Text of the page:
Selwyn developing design for new resort

The former Selwyn Snow Resort was completed destroyed in last summer’s bushfires.

We’re still 12 months out from a functioning ski season at the Selwyn Snow Resort, but executives are developing a design for the new resort, working closely with public parks, planning officials and architects to create a base with “better flow” than the former multi-building arrangement.

Selwyn, located 45 km from Adaminaby, was completely destroyed by last summer’s bushfires. 

Andrew Dunkerley, Group Operations Manager for the resort’s owner ‘The Blyton Group’, said the demolition of the fire-damaged buildings was completed ahead of schedule, but testing is still continuing on the resort’s chair lift infrastructure.

“The site is pretty much clear,” said Mr Dunkerley. “We are still getting the results on the lifting infrastructure; it’s just taken a little bit longer than expected because there’s no power up there, so they’ve had to truck in generators to hook up chair lifts to see if they spin and check towers and ropes.

“It’s taken a little bit longer than we’d initially hoped.”

Despite the delay with the lifts, the overall project is on track for a 2021 ski season, with electricity expected to be restored by this time next year. 

Currently, The Blyton Group is working on a design for the new resort which “ticks the boxes” with National Parks and NSW Planning. 

“We’ve got concepts and some designs and we’re actively moving forward with those with the relevant state bodies,” said Mr Dunkerley. “We meet with them once a fortnight and go over what we’ve got and where we’re up to.”

The original resort was started in 1966 with a single tow rope on what is now the Township run. Now comprising roughly 45 hectares, with 11 lifts operating prior to the fires and 45 kilometres of cross-country ski trails. 

Mr Dunkerley said that without any electricity or infrastructure, Selwyn wouldn’t be opening to the public at all this year, focusing on their rebuild and relaunch in 2021. 

“Whether National Parks is opening the region, I don’t know, but Selwyn won’t be,” he said. 

The new resort design is under wraps for now, until The Blyton Group gets official approval from the governing bodies. The only detail Mr Dunkerley could share was that the new resort would have a more thoughtful layout.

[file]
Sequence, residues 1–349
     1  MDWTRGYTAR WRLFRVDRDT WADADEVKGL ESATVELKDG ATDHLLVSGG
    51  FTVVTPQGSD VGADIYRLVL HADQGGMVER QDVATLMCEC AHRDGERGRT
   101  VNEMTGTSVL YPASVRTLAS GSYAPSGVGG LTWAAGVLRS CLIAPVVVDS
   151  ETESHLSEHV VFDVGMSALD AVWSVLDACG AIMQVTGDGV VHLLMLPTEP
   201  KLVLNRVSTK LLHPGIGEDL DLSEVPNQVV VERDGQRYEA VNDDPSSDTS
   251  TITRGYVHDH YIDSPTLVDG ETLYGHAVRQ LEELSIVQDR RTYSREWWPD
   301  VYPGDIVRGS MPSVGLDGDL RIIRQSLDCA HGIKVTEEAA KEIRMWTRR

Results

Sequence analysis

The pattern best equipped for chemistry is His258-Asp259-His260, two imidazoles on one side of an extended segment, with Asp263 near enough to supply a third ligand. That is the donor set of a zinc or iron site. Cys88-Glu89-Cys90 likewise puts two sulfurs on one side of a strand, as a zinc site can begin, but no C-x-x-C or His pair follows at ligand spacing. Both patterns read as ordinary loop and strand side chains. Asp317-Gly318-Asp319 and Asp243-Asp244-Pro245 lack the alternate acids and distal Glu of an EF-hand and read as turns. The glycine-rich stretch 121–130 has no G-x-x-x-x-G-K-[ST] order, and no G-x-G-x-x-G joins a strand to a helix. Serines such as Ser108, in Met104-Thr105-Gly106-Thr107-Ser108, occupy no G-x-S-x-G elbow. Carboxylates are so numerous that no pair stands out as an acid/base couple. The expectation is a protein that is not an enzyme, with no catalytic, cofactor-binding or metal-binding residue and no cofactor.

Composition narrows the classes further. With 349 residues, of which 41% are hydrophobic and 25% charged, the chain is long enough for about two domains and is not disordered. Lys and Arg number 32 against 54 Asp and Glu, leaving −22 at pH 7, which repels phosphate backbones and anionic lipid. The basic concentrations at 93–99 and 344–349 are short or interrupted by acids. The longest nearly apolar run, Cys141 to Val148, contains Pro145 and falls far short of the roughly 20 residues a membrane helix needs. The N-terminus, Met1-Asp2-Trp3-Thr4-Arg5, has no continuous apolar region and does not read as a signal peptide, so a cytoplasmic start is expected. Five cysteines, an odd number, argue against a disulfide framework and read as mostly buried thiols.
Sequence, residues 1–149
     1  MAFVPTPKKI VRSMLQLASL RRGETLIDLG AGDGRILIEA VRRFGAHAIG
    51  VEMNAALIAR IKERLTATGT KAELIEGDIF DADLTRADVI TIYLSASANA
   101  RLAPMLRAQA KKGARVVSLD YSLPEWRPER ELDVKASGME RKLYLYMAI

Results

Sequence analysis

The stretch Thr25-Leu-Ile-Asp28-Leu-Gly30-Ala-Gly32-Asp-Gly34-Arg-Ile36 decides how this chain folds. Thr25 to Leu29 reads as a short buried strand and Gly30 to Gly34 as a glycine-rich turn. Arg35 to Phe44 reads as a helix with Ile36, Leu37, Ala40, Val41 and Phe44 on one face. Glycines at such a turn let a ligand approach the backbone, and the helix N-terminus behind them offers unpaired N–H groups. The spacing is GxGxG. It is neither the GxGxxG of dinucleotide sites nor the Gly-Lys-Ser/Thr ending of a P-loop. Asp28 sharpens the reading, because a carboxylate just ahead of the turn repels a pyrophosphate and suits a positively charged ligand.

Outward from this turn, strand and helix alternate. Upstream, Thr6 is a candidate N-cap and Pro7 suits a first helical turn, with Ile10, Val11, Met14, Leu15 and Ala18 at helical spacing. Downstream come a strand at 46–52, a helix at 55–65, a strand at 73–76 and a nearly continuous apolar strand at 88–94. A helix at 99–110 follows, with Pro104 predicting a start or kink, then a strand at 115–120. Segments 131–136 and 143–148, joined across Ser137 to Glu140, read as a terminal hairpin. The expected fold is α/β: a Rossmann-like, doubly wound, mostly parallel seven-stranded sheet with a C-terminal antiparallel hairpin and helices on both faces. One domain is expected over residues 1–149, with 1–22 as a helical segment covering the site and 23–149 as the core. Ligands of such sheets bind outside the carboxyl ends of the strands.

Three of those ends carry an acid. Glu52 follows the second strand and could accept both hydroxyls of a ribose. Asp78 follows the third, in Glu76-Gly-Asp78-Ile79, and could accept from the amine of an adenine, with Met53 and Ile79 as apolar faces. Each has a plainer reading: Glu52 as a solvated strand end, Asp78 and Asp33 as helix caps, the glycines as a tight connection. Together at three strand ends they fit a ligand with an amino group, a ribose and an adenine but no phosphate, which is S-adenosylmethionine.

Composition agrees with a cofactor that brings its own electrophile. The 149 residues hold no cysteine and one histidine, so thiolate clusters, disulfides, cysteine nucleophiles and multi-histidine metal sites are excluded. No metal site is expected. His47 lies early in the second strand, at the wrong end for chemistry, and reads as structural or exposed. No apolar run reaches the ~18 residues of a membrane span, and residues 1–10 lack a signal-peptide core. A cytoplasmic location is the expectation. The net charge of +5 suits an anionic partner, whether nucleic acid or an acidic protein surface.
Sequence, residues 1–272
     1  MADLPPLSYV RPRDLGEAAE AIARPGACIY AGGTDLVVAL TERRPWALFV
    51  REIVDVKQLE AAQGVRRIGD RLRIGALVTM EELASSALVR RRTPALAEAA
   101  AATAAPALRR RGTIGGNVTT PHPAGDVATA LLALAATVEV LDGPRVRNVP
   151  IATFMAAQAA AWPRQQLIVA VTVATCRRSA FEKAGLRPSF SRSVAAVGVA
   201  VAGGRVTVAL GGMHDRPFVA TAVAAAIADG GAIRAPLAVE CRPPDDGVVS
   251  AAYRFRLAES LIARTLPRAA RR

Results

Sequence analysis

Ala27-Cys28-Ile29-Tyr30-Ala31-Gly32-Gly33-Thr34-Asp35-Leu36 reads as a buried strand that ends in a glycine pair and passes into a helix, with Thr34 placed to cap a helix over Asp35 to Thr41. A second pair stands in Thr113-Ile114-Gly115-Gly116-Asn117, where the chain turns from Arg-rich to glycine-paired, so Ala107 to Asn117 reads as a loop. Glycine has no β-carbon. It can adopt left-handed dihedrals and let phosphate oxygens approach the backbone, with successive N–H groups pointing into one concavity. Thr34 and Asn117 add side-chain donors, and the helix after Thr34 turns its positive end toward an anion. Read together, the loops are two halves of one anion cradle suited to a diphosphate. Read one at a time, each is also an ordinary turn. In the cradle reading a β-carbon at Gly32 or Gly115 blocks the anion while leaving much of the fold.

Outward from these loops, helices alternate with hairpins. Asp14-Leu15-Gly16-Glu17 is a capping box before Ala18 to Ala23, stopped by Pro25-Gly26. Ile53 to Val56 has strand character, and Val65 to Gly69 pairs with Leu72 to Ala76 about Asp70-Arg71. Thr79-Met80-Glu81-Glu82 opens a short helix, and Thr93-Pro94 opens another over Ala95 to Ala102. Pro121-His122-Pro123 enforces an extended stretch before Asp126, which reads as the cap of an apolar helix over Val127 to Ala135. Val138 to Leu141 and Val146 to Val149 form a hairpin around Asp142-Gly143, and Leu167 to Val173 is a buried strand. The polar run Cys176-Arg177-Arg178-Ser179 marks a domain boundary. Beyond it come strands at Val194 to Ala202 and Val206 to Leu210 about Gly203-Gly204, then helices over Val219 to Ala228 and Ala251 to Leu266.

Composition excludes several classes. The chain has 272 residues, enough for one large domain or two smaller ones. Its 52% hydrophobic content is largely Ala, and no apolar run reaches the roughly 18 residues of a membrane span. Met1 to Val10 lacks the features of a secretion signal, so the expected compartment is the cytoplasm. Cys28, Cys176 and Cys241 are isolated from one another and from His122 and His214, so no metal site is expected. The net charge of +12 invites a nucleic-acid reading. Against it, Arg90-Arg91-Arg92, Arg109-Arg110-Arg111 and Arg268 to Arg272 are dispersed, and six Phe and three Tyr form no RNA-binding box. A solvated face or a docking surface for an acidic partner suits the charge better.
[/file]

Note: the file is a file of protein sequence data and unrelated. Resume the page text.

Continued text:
“The design of Selwyn previously didn’t lend itself to an easy flow for the guest,” he explained. “You had to pull up in the car park and go to one building to do your ski hire, then another building to get your ticket. 

“We’re trying to design something where it’s an easy flow; you can enter one part and flow through all the products and service without having to zig zag all over the resort.

“The old one, over time, had developed into something that wasn’t practical for the modern skier.”

The Selwyn Snow Resort has always been one of the most “affordable” places to ski for young families.

He’s hopeful a new design might be approved “over the next month or so.”

“We’ll have to wait and see. We’re constantly communicating with parks and planning and our architects and designers. 

“Hopefully we’ll have something sooner rather than later.”

The new resort will be built with private funds from The Blyton Group, and still cater to its target market of beginners, families and day-trippers. With 88 per cent of the resort’s terrain suited to beginners and intermediates, Mr Dunkerley said it’s important that Selwyn remains reasonably priced. 

“We’re still aiming to be the most affordable place,” he said. “It’s one of those things that’s kept Selwyn family friendly.”

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